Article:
Medical malpractice is generally based in the tort law of negligence. A medical professional has a duty to their patients to exercise reasonable care (in some states, referred to as “complying with the prevailing standard of care”) in treating them. This is the crux of the matter: if the physician is found to have breached that duty, it is malpractice – but the mere existence of a poor outcome is not. For example, if a physician cannot successfully excise a tumor from a patient’s chest because doing so would risk puncturing a lung, that is likely not malpractice. If that physician neglected to wash their hands before operating, and the patient acquires a dangerous infection, that likely will be deemed malpractice.
How Does Medical Malpractice Occur?
Some of the more common causes of action brought under the rubric of medical malpractice are:
- Failure to diagnose (also called delay of treatment);
- Improper treatment;
- Surgery errors;
- Birth injuries; and
- Hospital negligence.
In each of these instances, the medical professional must adhere to the standard of care that is in keeping with that of other doctors in their field. In New York, they also must take into account the specific locale. The case of Pike v. Honsinger, 49 N.E. 760 (1898) lays down the standard that a doctor must adhere to a reasonable level of skill and care in keeping with that of other practitioners in his area – not in the entire country, as is the standard in many states, such as Massachusetts. New York lawmakers have defended this standard as being more realistic – there is less disparity in practice in a city or state than there will be in an entire country.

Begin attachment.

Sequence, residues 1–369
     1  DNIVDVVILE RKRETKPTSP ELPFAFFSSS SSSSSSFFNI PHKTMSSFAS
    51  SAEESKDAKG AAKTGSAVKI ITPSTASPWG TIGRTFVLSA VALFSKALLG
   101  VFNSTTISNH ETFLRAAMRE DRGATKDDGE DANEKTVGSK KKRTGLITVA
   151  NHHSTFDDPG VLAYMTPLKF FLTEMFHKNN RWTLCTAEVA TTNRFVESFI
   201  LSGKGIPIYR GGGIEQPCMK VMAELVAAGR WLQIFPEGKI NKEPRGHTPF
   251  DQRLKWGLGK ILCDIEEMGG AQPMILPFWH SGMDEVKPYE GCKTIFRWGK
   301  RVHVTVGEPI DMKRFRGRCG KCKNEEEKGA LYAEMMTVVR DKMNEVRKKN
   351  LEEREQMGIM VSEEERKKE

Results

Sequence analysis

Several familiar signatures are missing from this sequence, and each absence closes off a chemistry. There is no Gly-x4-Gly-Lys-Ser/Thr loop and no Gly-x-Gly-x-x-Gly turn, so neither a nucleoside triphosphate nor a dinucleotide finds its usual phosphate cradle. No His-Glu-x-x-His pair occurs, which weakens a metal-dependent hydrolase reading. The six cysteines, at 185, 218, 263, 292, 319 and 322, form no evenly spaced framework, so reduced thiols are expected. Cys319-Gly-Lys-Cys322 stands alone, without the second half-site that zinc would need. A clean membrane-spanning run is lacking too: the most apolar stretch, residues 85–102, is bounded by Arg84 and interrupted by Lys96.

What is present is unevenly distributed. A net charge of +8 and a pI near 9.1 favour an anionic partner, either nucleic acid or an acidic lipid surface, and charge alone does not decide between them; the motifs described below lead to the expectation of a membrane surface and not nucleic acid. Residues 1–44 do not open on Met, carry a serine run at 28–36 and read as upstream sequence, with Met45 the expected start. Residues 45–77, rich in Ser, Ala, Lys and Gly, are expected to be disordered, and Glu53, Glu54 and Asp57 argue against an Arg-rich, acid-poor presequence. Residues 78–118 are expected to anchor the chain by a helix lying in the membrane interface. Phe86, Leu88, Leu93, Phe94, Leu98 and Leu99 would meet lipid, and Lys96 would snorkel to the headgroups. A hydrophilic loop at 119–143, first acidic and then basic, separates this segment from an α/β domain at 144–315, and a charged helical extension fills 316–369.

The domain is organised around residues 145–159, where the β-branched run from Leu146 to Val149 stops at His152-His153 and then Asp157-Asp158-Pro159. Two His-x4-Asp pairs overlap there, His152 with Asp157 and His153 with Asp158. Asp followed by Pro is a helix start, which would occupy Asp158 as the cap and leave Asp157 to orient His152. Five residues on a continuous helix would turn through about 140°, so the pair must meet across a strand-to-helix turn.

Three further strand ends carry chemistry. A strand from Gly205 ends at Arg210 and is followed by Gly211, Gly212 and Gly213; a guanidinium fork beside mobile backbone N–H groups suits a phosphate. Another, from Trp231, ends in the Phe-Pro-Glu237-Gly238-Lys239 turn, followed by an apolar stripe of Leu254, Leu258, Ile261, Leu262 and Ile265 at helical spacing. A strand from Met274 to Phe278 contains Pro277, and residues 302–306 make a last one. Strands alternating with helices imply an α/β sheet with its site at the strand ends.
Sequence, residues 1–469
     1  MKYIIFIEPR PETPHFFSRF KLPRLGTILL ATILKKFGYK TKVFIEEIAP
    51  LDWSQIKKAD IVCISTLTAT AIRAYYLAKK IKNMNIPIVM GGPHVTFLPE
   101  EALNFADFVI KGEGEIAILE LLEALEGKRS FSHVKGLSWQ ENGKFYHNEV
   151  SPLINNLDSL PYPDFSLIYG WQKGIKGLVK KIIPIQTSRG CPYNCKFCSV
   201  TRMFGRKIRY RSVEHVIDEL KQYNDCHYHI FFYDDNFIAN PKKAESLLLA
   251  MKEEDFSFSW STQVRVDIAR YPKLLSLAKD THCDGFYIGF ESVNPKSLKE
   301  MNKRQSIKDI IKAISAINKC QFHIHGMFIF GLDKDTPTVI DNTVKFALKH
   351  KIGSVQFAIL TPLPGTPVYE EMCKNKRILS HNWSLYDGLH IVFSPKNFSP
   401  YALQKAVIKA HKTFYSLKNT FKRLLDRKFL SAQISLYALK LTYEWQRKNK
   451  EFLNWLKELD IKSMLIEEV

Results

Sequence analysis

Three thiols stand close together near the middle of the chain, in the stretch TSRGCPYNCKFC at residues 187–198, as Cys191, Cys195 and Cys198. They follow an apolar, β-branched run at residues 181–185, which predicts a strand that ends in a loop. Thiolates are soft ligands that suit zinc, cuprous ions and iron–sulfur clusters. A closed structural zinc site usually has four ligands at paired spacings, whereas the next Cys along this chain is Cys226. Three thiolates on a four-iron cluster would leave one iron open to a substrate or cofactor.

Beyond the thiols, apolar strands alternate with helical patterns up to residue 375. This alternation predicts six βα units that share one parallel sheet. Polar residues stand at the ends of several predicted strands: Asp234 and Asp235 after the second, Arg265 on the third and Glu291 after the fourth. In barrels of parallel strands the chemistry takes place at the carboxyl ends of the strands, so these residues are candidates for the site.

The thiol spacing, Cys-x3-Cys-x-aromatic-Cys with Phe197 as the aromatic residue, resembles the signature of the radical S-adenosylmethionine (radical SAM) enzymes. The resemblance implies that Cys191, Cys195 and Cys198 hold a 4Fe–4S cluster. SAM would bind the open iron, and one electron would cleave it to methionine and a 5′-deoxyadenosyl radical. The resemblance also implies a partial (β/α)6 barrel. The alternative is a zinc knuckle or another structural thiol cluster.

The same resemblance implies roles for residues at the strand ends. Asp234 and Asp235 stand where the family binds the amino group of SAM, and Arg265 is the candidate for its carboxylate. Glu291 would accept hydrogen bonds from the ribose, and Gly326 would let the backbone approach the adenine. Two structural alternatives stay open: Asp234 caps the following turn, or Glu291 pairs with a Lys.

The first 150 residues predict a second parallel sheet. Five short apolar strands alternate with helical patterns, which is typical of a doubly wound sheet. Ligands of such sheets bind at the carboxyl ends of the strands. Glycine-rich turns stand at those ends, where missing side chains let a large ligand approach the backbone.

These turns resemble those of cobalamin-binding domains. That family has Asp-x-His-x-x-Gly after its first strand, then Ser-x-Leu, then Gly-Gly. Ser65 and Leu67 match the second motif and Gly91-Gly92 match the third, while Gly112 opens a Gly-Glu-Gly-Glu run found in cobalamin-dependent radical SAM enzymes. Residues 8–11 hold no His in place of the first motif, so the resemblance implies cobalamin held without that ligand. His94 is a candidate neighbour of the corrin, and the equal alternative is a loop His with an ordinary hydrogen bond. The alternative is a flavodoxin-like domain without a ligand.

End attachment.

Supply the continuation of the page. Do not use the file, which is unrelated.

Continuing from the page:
It is important, when debating filing a medical malpractice lawsuit, to be aware of two other factors: the statute of limitations and the law governing damages. The statute of limitations, or time in which you are permitted to file, is three years from the date of the injury, or from when the injury should have been discovered. Beyond that, your claim will be barred, no matter how good a case it is.
In terms of damages, there are three categories that can be awarded in New York. Compensatory damages are awarded for the actual harm done to the patient. Non-economic damages are given when the plaintiff can prove things like pain and suffering – non-tangible harm they have sustained. Punitive damages are given solely to punish – they are rare, but they are awarded when a doctor’s conduct is determined to be so bad as to be wantonly reckless or malevolent. Some states have damage caps, restricting the amount that can be awarded, but New York has not yet enacted any legislation on this matter.
Get An Attorney On Your Side
Doctors are meant to heal, but sometimes, they make things worse. If you have been the victim of medical negligence, the New York Lawyers may be able to help you receive just compensation. We have dedicated medical malpractice attorneys with a wealth of knowledge, ready to help. Contact our New York office for a free initial consultation, and we will discuss your options.